Richard Eastman, Atelier Aura

Comments (0) Interviews

With his successful practice atelier aura, Richard combines his down to earth Australian larrikin style with many years of study and experience from Europe. He offers an unpretentious, no nonsense approach to designing buildings in the Coffs region.

What is your connection to the Coffs Coast?

The Coffs Coast abounds with many opportunities for an architect. People need anything from a bathroom or kitchen designed, to a dwelling or commercial space; the Coffs Coast is expanding, and I am part of this. Did I mention the real reason my family and I am are here? Lifestyle … “the great aussie mobiliser”… for the work life balance – it is here in abundance, coupled with the countryside, pristine coastline and magical hinterland. All this, combined with a community created from an eclectic mix of people from different nationalities and backgrounds that live here – I feel lucky.

You had an interesting journey before your first arrived in the area; can you tell us a bit about that?

As a family we arrived 10 years ago now …in style in a vintage French campervan, having travelled for a year overland from Holland. We dusted ourselves off, found schools for the children, and set up Atelier Aura. I brought my experience from the past: a degree from Melbourne RMIT, further studies at Leuven University in Belgium. In Holland I restored a 200 year old heritage farm (it was like an episode of Grand Designs), raised three children with Dutch partner, Anke, and worked for many years with one of the top architects in Maastricht (Arno Meijs and Jo Coenen) on large commercial projects in heritage settings – a wonderful education, that I now bring to Coffs.

Can you tell us a bit about what you do?

I head up Atelier Aura: Atelier for Urban & Regional Architecture – a small diverse design practice, specialising in residential, urban, rural and coastal, but also heritage conservation and restoration, alterations and additions … locally and some internationally … such as freelance public works in PNG like the Kaviang Local Government Assembly building, to a luxury family home in Curacao in the Caribbean, to a large shipping container extension. Basically, I love designing different buildings and the challenges this brings.

Why did you choose architecture?

As a kid, I was always building tree houses. I had about six at one stage, all interconnected. I even made drawings and site plans. Contact my parents for advice about what I did to their swimming pool!

How would you describe your approach to a project?

I try to listen and understand what my clients would like first and foremost, and combine this with my skills I have developed over the years of designing many different buildings. It’s a very collaborative process. In essence, for me the best design lies in simplicity, combined with appropriate, pragmatic and simple solutions, while being mindful of the budget and costs.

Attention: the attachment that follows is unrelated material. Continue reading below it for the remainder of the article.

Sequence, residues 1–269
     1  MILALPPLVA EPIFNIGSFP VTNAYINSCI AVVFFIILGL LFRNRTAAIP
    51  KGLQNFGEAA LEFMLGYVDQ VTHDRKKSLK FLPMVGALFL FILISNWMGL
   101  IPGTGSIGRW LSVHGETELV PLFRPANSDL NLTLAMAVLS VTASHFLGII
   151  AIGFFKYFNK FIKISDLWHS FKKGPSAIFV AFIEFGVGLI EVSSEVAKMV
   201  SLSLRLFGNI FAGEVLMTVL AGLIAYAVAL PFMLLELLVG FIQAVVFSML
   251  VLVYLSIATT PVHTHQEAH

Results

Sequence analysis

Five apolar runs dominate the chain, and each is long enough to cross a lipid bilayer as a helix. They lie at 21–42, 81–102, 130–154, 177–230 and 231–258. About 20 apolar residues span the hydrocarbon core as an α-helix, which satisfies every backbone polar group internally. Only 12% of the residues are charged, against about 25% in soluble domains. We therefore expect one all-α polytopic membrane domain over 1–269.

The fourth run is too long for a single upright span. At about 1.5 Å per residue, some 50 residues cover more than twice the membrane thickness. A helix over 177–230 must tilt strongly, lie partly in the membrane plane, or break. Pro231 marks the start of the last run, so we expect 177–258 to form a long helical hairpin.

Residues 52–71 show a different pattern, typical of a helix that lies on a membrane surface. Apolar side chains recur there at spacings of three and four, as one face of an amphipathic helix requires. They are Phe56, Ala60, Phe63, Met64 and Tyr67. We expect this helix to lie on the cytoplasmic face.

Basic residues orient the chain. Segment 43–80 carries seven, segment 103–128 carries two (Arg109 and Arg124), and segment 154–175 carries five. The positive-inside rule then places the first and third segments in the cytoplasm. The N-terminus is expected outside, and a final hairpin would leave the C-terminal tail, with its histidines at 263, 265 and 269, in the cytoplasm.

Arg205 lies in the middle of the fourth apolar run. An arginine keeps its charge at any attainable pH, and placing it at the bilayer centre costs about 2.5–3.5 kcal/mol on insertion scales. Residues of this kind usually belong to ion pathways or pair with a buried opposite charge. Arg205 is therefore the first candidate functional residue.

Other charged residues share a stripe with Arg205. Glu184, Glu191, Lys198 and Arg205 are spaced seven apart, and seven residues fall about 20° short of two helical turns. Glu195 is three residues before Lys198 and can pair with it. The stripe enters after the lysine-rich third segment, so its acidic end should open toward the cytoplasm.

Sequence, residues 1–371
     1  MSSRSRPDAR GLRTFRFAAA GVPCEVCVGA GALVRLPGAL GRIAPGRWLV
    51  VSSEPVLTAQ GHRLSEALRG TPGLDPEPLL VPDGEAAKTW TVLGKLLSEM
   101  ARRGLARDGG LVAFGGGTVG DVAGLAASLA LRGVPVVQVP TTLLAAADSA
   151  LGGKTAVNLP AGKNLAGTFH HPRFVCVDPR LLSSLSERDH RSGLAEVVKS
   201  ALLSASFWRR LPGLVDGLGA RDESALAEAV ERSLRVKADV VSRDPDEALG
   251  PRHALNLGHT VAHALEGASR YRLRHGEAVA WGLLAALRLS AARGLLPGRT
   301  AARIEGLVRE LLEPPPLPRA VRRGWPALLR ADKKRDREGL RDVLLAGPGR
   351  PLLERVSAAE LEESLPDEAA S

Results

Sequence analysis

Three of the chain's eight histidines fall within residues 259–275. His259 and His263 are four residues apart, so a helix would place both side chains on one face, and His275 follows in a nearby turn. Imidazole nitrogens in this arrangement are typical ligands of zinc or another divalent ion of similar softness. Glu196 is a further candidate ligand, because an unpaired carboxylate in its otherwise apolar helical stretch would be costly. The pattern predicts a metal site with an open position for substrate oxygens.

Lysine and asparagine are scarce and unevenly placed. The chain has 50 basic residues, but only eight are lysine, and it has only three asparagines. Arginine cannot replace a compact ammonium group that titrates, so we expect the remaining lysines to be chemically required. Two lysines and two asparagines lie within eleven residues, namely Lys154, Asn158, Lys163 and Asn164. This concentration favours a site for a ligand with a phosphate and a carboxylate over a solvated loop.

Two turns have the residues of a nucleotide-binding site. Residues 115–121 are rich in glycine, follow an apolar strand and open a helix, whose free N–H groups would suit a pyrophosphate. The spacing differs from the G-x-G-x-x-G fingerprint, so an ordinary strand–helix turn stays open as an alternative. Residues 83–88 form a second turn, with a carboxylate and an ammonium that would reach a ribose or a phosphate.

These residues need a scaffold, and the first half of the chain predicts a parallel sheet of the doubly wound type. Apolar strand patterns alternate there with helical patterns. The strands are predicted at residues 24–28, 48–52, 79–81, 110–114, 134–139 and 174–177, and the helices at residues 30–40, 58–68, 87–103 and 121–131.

What makes a great architect?

Much of the architectural language in modern and post modern architecture has, to varying degrees, been reduced to planes, volumes and materials devoid of texture, patinas, division and subdivision of scale … think a glass box – a language without embellishment. A great architect not only masters the process, but also creates a unique language defined and expressed in a physical form and a form that survives generations.

Most buildings in a sense become a “public good”, as successive owners occupy and reoccupy.

The aim then for an architect is to create a building that has a “timeless” quality.

What are some of the environmental factors that must be considered when designing a building in 2016?

My designs are always site specific, where “the elements” of nature and landform need to be carefully considered. There is, however, a vast new layer of complexity to the equation. With escalating climate change, population growth and depletion of natural resources, it’s absolutely critical at this juncture to be resourceful and prudent in specification and application and use of material, as there are huge differentials in “embodied energy”.

Likewise, minimising energy or “giving back” can be resolved through appropriate use of technology such as solar PV, energy efficient fixtures, recycling water etc.and more importantly, the strategic placement of materials in solar passive design can eliminate active heating and cooling systems. It’s become an imperative. Every architect, designer and consumer is obliged to weigh in here.

What advice would you give someone who is thinking of getting into your field?

Study! Go travelling! You need to do both. Look at the architecture in different cities.

Buildings are volumes, but start thinking in terms of the space they create.

What are your plans for the future?

We are in the process of finishing a hill top pavilion style family home in Gleniffer, which has been a great experiment in applying my design ideas. I love the bridges, the outdoor bedroom and the timber triangulated alcove bookshelves … and in keeping with a tradition of all architects and builders, it will soon be up for sale! I am also looking to study more and have also recently developed an app for building inspections. This is a great tool to assess any property you are thinking of purchasing or developing.

For an introduction, call Richard on 0433 690 073 or visit www.atelieraura.com.au

Thanks Richard.

Leave a Reply